You can shred your way down virtual ski runs, throw real punches at simulated Mike Tysons or gun down a gang of video villains. You can even get a decent quesadilla at Dave & Buster's, the arcade-and-restaurant chain whose branch in the Homestead section of Pittsburgh is a few miles east of the Steelers' training facility. But last Friday afternoon, in the midst of such sensory overload, all anyone in the joint wanted to do was lavish affection on the smiling man in the brown hooded Sean John sweatshirt. Though Steelers Pro Bowl quarterback Kordell Stewart has never been comfortable with his celebrity, he gladly spent a half hour charming old ladies, kissing babies and posing for photos with fawning waitresses. It sure beat the alternative, reasoned Stewart, who's more aware than most athletes of fame's harsh side. "You could be doing this," he said, "or you could be back at the crib waiting for Pop Tarts to come out of the toaster, because you don't want to leave the house. I've been that guy, bro, and it's not easy."
As difficult as it was for most Pittsburgh fans—hell, most football fans—to envision barely six months ago, Stewart is the toast of Steel-town. He's the unquestioned leader of the AFC's best team, which closed out its regular season on Sunday with a 28-7 victory over the Cleveland Browns at snowy Heinz Field. Early in the third quarter, as Stewart jogged to the sideline after being pulled from the meaningless game, 59,189 fans gave him a warm ovation that saluted both his trying four-year journey back into their good graces and the promise of the immediate future. In the coming weeks Stewart has a chance to become this year's Trent Dilfer and answer his critics on the grandest of American stages. If Stewart, 29, can lead Pittsburgh (13-3) to its first Super Bowl in six seasons, not to mention its fifth NFL championship, his legend may swell to Bradshawesque proportions.
He has already won over Steelers coach Bill Cowher, who said after Sunday's game, "No one can exemplify this team's unselfish attitude more than Kordell Stewart. I'm sure he'll never forget some of the things he's had to go through, and I wouldn't wish them upon anyone, but he's buried the hatchet and handled himself like the consummate pro. It wasn't easy, but he has won back this city and this team."
It would be convenient to portray Cowher, one of football's best coaches, and Stewart, one of the NFL's most exciting performers, as ideally matched partners. It would also be inaccurate. Consider that 10 months ago Stewart was holed up in his off-season home near Atlanta, refusing to return Cowher's calls. When he finally phoned back, the two men seared the lines, engaging in what each describes as an emotional three-hour conversation.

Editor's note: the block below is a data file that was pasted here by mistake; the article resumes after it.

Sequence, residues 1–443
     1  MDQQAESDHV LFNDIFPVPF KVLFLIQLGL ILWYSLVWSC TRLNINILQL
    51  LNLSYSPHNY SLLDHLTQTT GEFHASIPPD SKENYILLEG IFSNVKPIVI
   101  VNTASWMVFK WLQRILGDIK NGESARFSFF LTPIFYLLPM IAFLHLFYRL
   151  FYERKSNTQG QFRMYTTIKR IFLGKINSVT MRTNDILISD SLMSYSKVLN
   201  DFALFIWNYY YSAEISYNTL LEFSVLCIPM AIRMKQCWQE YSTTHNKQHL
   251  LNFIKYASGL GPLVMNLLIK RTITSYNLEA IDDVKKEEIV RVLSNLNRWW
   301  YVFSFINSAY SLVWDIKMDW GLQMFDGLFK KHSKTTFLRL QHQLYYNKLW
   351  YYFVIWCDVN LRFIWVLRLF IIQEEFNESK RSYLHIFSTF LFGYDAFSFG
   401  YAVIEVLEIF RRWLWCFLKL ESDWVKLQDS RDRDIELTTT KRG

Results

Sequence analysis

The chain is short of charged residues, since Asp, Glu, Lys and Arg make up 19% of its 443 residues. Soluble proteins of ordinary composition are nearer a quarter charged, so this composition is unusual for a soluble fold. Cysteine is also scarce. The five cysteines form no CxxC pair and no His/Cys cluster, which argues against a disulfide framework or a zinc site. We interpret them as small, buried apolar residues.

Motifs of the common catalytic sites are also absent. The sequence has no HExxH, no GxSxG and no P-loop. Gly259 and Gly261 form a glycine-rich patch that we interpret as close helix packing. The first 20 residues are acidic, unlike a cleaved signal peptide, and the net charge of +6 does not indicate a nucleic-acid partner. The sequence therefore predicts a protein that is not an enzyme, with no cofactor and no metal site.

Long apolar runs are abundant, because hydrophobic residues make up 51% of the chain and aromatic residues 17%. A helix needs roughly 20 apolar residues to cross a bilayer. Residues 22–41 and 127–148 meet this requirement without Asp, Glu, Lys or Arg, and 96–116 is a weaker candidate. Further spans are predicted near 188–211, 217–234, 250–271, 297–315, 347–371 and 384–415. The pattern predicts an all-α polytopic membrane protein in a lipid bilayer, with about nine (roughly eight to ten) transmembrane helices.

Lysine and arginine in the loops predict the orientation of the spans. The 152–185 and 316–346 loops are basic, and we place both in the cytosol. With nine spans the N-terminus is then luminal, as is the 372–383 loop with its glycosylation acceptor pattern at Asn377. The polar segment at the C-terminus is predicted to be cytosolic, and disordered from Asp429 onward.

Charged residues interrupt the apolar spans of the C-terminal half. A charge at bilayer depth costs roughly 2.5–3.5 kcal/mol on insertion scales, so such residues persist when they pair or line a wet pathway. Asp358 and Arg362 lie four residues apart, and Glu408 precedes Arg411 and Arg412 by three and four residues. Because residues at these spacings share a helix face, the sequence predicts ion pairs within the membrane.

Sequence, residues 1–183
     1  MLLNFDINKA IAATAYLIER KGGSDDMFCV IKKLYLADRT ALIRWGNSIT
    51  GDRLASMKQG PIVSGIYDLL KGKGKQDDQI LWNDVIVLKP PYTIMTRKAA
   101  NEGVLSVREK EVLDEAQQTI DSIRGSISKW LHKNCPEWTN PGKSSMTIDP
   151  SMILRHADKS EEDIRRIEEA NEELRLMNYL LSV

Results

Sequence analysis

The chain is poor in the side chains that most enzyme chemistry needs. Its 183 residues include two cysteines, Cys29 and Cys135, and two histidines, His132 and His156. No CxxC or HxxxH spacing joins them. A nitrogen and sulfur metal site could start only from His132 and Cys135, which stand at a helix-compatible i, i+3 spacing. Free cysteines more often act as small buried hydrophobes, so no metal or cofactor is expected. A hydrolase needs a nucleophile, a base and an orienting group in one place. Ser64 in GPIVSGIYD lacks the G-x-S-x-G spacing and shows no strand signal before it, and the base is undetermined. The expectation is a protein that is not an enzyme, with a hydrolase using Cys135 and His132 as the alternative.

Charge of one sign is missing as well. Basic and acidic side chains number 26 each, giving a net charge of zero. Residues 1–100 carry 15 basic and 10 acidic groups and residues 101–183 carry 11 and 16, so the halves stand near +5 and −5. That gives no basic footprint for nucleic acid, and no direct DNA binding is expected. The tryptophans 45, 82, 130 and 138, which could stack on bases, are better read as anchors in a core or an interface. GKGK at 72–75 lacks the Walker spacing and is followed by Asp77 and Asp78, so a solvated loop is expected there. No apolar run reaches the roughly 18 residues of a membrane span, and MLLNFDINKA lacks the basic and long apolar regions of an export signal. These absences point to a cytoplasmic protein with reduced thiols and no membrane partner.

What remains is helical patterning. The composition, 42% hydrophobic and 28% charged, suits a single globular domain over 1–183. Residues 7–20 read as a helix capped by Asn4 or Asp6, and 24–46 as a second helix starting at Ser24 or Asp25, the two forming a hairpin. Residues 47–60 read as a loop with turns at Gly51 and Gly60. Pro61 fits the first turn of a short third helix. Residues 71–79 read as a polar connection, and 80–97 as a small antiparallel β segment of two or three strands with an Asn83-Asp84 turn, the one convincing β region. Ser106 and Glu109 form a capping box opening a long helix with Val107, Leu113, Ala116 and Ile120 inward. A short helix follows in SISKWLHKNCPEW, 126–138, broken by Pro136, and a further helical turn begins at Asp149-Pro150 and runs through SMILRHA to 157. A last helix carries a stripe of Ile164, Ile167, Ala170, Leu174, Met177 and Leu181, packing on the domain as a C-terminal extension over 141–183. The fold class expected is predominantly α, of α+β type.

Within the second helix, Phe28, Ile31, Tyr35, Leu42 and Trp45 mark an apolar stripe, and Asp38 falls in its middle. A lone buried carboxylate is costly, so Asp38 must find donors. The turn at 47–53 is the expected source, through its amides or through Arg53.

Stewart did most of the talking. He began by giving Cowher a detailed recounting of all the adversity he had faced since leading the Steelers to the 1997 AFC Championship Game in his first season as a starting quarterback. Stewart's dirty-laundry list included two failed relationships with offensive coordinators; a switch to wide receiver late in 1998; his loss of the starting quarterback's job to Kent Graham in a preseason competition the next year; rumors about his sexual preference; and a stream of abuse from Steelers fans, one of whom doused him with beer following a game.
After he vented his frustrations, Stewart, who had gone 19-19 as a starting quarterback over the previous three seasons, made demands. "If I throw an interception," he recalls telling Cowher, "I'm riot going to the bench. If I throw an incompletion, I'm not going to have you screaming at me. Let the outside forces run their mouths, but inside here, do what's right and let me be the quarterback of this football team. Let me play the way I know how to play, and we'll win games."
The Steelers won the AFC in 1995, the season that Cowher turned Stewart, Pittsburgh's second-round pick from Colorado, into the triple-threat rookie sensation known as Slash. Two years later, when Stewart became a full-time quarterback and nearly took the Steelers to the Super Bowl, he appeared to be the next in line, after John Elway and Steve Young, as an athletic wonder who evolved into a champion passer. Then it all came crashing down. Offensive coordinator Chan Gailey left to become coach of the Dallas Cowboys, and Stewart didn't hit it off with Gailey's replacement, Ray Sherman. After '98 Cowher replaced Sherman with the demanding and volatile Kevin Gilbride, who over the next two years tried to mold Stewart into a disciplined pocket passer. It was the worst pairing since Dan Rather and Connie Chung. "Kordell is a guy you need to talk to, not scream at," says his father, Robert. "I'm 60 years old, and I've never yelled or cussed at my son."
"I was miserable the whole time," Kordell says. He accuses Gilbride of many slights, most of which Gilbride denies.
"Did I push him? Of course," says Gilbride, who has been out of football since being fired by Cowher after last season, "but he's the first quarterback I've ever had who resented it. I'm very proud of the progress he made under my tutelage, and the foundation that was laid has certainly helped him do what he's doing this year."
Stewart has no patience with those who portray him as a man magically transformed by hardship. "I've learned and matured along the way," he says, "but I didn't turn into a good player overnight."